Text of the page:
In 1 Thessalonians 5:17, Paul offers a second step toward the discovery of joy:
II. Pray Continually! – 1 Thessalonians 5:17
“Always keep on praying.”
Just as we’re to rejoice always, we’re to pray continually. Prayer gives us the privilege of leveraging God’s resources with our own. Prayer is putting our hand into God’s hand, so that when we confront what appears to be overwhelming waves (challenges), we won’t sink. In prayer we are practicing the presence of God. Psalm 16:11: “You will show me the path of life; In Your presence is fullness of joy; At Your right hand are pleasures forevermore.” When things get tough, pray like a child firmly hanging on to the hand of a loving parent. “O what peace we often forfeit, O what needless pain we bear, all because we do not carry everything to God in prayer.” We can’t abide in Christ’s love without having a strong, vital personal relationship with Him, can we? (Jn. 15:1-8)
Praying for others can also lead us to joy because it takes our focus off our own needs and personal preferences. Have you ever been in a worship service when something happened that was not to your liking? Instead of complaining, why not pray that the worship experience would be meaningful to the others who are present?
Paul said, while in prison, “Rejoice in the Lord always. I will say it again: Rejoice!” (Phil. 4:4) Our source of joy is God, not our circumstances. Where are we to rejoice? “In the Lord.” (Phil. 4:4) There is always cause for rejoicing in who God is!
1 Thessalonians 5:18 gives us a third step to help rediscover joy:
III. Give Thanks in All Circumstances – 1 Thessalonians 5:18
“No matter what happens, always be thankful, for this is God’s will for you who belong to Christ Jesus.” Or … “Give thanks in all circumstances. [Why?] Because this is the will of God in Christ Jesus for you.”
There’s an extremely high correlation between joy-filled people and thankful people. To put it another way, the joy-filled people I know are thankful. How many ungrateful people do you know that are happy? Zero!
Maybe we don’t understand what God is doing in our lives, but we trust Him anyway and we thank Him in advance. “When we don’t understand his plan, when we can’t trace his hand, we can always trust his heart.”
People who please God by obeying God are joyful (John 15:9).
People who please God by loving God/others are joyful (John 15:10, 14).
People who please God by being grateful are joyful (1 Thess. 5:16-18).
One of the great barriers to gratitude ... and thus to joy ... is comparison. Do you know the favorite expression of those addicted to comparison is? “It isn’t fair!” Have you ever met person who always compared himself unfavorable with others? That’s the recipe for misery, isn’t it?
Some time ago, Jack Hayford was invited to the White House along with some other Pastors and he was feeling pretty good about the honor until he discovered that Bill Hybels had been invited to come and spend the day before and stay all night in the White House! When he compared himself with Bill Hybels he said he lost his joy in visiting the President. With whom are you comparing your life? Of course, life isn’t fair! Life is difficult and often unfair. But, comparison and complaining will squeeze joy right out of your heart and right out of your life!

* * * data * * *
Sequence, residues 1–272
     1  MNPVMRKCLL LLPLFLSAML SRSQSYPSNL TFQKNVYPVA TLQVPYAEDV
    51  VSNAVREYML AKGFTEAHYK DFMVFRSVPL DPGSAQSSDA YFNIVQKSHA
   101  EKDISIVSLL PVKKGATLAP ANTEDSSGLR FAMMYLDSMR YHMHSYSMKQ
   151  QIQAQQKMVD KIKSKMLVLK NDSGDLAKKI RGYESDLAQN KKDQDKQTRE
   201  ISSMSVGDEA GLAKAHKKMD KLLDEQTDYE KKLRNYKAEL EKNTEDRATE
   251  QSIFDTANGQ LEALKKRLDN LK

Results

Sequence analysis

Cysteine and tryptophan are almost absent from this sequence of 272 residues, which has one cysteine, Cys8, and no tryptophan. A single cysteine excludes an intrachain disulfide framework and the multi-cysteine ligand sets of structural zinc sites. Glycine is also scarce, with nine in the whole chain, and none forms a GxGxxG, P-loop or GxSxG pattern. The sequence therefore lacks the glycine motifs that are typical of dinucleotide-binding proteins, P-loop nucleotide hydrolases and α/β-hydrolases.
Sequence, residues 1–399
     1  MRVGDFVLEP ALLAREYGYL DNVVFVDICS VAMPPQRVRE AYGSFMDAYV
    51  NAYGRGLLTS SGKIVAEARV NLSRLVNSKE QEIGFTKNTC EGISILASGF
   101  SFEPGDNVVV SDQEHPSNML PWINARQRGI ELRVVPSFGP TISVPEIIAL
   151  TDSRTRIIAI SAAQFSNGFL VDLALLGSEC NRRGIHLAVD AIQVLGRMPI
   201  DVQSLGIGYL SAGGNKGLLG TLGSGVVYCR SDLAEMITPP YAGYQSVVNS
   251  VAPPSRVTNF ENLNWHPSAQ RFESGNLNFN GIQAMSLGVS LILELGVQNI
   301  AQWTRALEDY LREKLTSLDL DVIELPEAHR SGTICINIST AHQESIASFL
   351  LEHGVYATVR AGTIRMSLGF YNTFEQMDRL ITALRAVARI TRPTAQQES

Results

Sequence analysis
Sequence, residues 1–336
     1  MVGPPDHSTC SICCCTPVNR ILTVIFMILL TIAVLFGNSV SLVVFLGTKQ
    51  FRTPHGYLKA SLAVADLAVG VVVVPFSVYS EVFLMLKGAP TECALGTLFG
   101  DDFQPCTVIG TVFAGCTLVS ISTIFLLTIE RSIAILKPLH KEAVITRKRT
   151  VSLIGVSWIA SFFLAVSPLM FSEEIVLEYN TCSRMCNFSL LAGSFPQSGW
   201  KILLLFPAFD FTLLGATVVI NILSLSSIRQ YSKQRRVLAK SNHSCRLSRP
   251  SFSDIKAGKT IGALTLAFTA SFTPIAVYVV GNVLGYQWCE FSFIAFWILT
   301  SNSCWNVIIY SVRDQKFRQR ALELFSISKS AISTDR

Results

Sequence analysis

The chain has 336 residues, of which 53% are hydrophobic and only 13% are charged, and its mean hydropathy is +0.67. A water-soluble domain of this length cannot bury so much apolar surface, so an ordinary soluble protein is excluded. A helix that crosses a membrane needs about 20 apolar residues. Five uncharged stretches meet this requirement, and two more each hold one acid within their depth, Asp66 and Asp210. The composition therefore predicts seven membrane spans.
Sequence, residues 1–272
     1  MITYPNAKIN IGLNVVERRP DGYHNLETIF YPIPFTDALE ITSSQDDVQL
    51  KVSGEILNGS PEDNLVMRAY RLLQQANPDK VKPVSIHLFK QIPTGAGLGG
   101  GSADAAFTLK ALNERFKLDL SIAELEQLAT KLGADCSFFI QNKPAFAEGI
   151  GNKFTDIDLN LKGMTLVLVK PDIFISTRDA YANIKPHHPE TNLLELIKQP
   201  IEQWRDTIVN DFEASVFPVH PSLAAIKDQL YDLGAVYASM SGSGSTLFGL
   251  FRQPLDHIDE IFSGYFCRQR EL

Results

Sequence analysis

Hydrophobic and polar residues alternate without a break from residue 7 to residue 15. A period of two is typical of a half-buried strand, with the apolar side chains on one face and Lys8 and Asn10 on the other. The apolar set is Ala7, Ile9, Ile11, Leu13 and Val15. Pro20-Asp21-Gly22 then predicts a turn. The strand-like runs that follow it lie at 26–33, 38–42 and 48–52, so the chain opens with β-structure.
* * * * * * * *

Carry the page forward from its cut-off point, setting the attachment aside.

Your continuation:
It is so easy to compare ourselves with those who: 1) Have families when we feel alone. 2) Have money when our bank account is empty. 3) Are in good health when we suffer from poor health, etc. It’s hard to envy someone you don’t compare yourself with, isn’t it? Comparison is an invitation to envy!
Giving thanks in all circumstances means we understand that God has a different plan for each of His children. Every person has his or her own sorrows and disappointments. In 1 Thessalonians 5:18, Paul says, “Give thanks in all circumstances, for this is God’s will for you in Christ Jesus.” For who? For YOU! Accepting this truth, can be a step to rediscovering joy, without a change in your circumstances. Today, if you lose your joy, it’s possible to laugh again. The word “rejoice” means to find or rediscover joy again.
Ten Biblical Resources for Choosing Joy
- Make a list of God’s blessings. This gives you scheduled time to focus on the blessings God has given you – they are a source of joy. This is so incredibly simple that most of you will think it’s too easy to do. But it is one of those life-changing things that is incredibly effective. We need to daily count our blessings!
- Develop the attitude of gratitude. The thread of gratitude will become a lifeline to joy. When you decide you’ve had enough of an undesirable feeling, you can begin to shift immediately by changing your focus to recognizing God as the source of every good and perfect gift and appreciating anything that God permits to come your way. Appreciate one thing, then another, then another, until all you feel is the vibration of appreciation. Thankfulness is an attitude, but it is also a godly habit that can and should be regularly cultivated.